A Met Office spokesman said: “For the UK as a whole we’ve only seen about 20% of the rainfall we’d normally expect throughout the whole summer. Parts of southern England have seen only 6%.”

Several longtime Daily Parker readers live in or are this week visiting the UK. Guys: how bad is it where you are? I'll be in the Big Stink on August 31st to find out for myself. I hope it's not as grim by then.

Cool new feature in Weather Now

I've finally gotten around to extending the historical weather feature in Weather Now. Now, you can get any archival report that the system has, back to 2013. (I have many more archival reports from before then but they're not online.)

For example, here's the last time I arrived in London, or the time I took an amazing photo in Hermosa Beach, Calif.

I don't know why it took me so long to code this feature. It only took about 4 hours, including testing. And it also led me to fix a bug that has been in the feature since 2008.

Warm nights getting much warmer

A predicted consequence of anthropogenic climate change is that the air won't cool as quickly overnight, leading to ever-increasing temperatures overall. It's happening, and it's dangerous:

Nationwide, summer nights have warmed at nearly twice the rate of days, with overnight low temperatures increasing 0.8°C per century since 1895, when national temperature records began, compared to a daytime high increase of 0.4°C per century. (Nights have warmed faster than days during other seasons, too.)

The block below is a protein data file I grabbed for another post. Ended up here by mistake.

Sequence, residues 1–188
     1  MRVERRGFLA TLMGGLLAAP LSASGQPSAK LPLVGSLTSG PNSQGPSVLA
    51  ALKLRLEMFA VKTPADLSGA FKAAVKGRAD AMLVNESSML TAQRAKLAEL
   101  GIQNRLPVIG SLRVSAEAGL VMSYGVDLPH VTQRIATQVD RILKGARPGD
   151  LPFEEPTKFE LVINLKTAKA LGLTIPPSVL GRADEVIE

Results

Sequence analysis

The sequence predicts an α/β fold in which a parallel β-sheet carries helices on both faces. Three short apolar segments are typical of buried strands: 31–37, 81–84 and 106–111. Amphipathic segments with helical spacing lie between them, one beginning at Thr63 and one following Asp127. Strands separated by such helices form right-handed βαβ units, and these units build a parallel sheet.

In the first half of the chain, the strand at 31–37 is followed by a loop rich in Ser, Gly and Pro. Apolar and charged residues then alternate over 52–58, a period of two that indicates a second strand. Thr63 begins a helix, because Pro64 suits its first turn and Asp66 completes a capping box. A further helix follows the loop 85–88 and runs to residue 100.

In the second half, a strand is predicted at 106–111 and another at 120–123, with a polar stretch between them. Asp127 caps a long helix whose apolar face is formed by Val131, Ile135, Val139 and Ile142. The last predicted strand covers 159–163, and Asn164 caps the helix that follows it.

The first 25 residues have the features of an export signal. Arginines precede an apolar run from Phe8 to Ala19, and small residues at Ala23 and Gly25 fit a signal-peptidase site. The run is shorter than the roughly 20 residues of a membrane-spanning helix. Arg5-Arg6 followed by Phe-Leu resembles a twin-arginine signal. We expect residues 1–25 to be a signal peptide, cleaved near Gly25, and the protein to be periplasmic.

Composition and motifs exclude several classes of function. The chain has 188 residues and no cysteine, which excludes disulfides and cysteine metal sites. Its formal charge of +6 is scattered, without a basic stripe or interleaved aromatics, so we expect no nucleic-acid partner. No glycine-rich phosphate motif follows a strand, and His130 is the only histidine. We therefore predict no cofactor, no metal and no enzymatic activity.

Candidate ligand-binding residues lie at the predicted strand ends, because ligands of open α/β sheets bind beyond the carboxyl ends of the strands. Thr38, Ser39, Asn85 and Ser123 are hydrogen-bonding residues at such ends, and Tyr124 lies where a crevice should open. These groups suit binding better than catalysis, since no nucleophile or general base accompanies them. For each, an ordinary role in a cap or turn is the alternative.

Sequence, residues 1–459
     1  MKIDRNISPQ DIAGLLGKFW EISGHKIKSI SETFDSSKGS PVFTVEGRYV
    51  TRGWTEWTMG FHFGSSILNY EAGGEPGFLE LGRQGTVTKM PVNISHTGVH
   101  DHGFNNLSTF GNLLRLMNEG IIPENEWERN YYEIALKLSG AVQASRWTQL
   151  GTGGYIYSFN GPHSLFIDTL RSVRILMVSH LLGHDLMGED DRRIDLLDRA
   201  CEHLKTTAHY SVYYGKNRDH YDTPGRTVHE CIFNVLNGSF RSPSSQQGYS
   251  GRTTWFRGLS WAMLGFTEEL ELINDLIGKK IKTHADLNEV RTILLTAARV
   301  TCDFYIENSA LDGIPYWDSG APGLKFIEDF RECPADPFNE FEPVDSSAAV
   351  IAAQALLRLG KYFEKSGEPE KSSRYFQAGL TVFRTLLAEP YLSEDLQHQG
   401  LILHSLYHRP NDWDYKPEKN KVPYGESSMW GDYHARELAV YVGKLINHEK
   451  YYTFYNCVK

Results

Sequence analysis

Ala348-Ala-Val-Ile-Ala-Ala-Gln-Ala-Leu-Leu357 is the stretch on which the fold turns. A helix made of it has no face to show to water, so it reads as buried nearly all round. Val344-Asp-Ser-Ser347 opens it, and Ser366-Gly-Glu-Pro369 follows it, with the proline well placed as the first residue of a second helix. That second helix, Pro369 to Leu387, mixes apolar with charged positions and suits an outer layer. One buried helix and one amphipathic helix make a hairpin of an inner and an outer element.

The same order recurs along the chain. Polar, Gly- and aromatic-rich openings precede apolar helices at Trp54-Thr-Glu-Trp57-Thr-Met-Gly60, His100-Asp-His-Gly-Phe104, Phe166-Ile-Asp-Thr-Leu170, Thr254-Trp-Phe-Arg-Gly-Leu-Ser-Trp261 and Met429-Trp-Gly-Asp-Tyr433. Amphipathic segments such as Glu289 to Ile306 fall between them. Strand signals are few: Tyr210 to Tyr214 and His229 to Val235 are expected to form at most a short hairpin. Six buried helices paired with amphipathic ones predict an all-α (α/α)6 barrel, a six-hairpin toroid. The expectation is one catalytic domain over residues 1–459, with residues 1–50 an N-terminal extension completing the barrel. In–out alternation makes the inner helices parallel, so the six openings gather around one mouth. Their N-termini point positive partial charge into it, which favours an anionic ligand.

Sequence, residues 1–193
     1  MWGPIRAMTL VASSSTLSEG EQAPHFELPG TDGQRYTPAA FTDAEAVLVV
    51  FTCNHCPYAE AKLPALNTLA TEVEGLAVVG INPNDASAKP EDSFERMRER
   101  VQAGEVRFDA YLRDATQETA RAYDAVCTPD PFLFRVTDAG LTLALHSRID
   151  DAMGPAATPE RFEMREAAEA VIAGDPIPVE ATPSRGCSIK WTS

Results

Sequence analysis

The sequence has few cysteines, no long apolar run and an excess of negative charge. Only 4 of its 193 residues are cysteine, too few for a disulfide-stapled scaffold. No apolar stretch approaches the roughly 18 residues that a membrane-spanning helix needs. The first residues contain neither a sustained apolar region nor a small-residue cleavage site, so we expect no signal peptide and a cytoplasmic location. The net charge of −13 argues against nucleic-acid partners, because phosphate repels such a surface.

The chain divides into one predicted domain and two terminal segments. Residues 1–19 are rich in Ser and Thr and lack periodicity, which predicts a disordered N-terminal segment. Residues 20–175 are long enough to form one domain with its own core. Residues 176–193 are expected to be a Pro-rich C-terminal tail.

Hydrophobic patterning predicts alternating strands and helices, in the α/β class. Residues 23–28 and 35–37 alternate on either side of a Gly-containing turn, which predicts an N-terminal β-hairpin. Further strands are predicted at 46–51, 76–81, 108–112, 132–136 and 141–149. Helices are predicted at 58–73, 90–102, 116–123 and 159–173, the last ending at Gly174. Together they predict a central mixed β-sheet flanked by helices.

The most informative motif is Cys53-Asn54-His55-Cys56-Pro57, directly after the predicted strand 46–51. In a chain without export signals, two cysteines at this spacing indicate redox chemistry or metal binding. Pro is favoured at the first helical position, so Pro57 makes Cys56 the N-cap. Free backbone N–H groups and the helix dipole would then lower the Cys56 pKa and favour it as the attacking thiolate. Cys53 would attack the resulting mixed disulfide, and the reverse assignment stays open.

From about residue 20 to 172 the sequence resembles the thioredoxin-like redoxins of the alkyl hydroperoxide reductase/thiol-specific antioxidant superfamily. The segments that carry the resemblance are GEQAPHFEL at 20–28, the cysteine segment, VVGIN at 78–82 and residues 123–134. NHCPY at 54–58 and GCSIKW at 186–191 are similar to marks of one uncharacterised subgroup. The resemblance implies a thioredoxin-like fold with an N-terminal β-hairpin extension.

While warm summer nights may seem less concerning than scorching afternoons, “the combination of high daytime and high nighttime temperatures can be really lethal because the body doesn’t have a chance to cool down during the nighttime hours,” said Lara Cushing, professor of environmental epidemiology at San Francisco State University.

Those risks are higher in places where temperatures have historically been cooler, like coastal California. There people are less physiologically acclimated (the body can get used to higher temperatures up to a point) and less behaviorally adapted to hot weather.

“A hundred and five degrees in San Francisco is going to have a bigger impact probably than 105 degrees in Houston, Tex., where everybody has air conditioning and people are accustomed to dealing with high temperatures,” Dr. Cushing said.

Older people, the sick, and young children are especially at risk. So are agricultural, construction and other outdoor workers, who can no longer avoid the heat by shifting their hours to work earlier or later in the day. Similarly, homeless people who bear the full brunt of the elements get little relief.

Never mind the rest of the local environment. Slower overnight cooling puts stress on plants as well.

Many, many PRs

Back in June 2016, I walked 29 km in one go, and posted "I don't need to do this ever again."

You can see where this is going.